Breakthrough in Creating Artificial Pancreas
System Allows for Continuous Monitoring of Blood Sugar at Night
WebMD News Archive
Feb. 4, 2010 - It has been called the Holy Grail of treatment for insulin-dependent diabetes, and it may be close to
For decades, researchers have searched unsuccessfully for ways to
automatically coordinate insulin delivery with real-time changes in blood sugar
to essentially create an artificial pancreas that maintains target
blood sugar levels with minimal effort.
Now new technology is making this possible, and new research shows that an
experimental system can improve nighttime blood sugar control.
Using sophisticated computer software, researchers were able to coordinate
the actions of a commercially available continuous glucose monitoring device
and insulin pump to allow
automatic insulin delivery in response to real-time glucose readings.
The system proved better than a conventional insulin pump for maintaining
optimal blood sugar levels during the
night in a study from the U.K.'s University of Cambridge.
Aaron J. Kowalski, PhD, of the Juvenile Diabetes Research Foundation,
which was involved in funding the research, says the study represents
an important step forward in the search for a clinically feasible artificial
pancreas to improve outcomes and quality of life among insulin-dependent
"This is hugely promising and very significant research," he tells WebMD.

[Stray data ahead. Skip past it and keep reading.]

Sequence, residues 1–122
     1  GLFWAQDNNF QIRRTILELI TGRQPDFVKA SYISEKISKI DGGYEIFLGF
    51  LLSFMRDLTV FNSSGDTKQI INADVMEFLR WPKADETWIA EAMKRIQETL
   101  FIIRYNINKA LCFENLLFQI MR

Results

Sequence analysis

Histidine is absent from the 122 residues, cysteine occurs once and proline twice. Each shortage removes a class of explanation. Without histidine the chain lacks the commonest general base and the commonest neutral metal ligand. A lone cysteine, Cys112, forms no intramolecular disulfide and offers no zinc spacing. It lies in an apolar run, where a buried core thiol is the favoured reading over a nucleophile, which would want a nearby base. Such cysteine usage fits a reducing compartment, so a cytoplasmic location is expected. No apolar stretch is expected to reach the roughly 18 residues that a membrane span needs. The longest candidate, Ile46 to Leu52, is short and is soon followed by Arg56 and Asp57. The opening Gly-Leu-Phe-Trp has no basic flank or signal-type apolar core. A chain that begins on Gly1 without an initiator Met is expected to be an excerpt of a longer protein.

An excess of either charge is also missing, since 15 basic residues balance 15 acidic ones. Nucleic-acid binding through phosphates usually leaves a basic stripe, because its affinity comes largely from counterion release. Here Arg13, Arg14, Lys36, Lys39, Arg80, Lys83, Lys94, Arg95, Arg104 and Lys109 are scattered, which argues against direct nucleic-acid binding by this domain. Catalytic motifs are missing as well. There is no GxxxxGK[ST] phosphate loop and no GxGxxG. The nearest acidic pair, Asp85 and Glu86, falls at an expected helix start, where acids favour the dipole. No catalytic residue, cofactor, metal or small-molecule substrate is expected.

"Nighttime is the time of day that strikes fear into patients and parents of
children with diabetes."
Nighttime Risk: Low Blood Sugar
That’s because blood sugar levels can fall to dangerously low levels during
sleep, especially in people who
maintain very tight control of their blood sugar with insulin during the
Low blood sugar, or hypoglycemia, can result in
seizures and even sudden death.
Kowalski speaks about the issue from personal experience. Growing up,
he shared a bedroom with a brother with type 1 diabetes.
“[My brother’s] blood sugar would tend to get very low at night, especially
when he exercised, Kowalski says. “He would have seizures and he ended up
having to go to the hospital more than a few times.”
The newly published study included 19 children and teens with type 1 diabetes who
used the artificial pancreas system for 33 nights and a conventional insulin
pump for 21 nights in a hospital setting.
During certain nights, the delivery systems were challenged by having the
children eat a large meal or exercise before bedtime. Both of
these activities increase the risk for nighttime hypoglycemia.
While using the artificial pancreas system, the children maintained blood
sugar levels in the normal range 60% of the time, compared with 40% of the time
while using a conventional insulin pump.
No significant hypoglycemic events were reported with the experimental
system, compared with nine events with the conventional pump. And the children
and teens experienced mild hypoglycemia half as often with the experimental
The study appears today online in The Lancet.
"We showed that this first-generation artificial pancreas can improve
nighttime blood sugar control," study researcher Roman Hovorka, PhD, of the
University of Cambridge, tells WebMD. "This is critically important
because between 50% and 70% of hypoglycemic emergencies happen at night."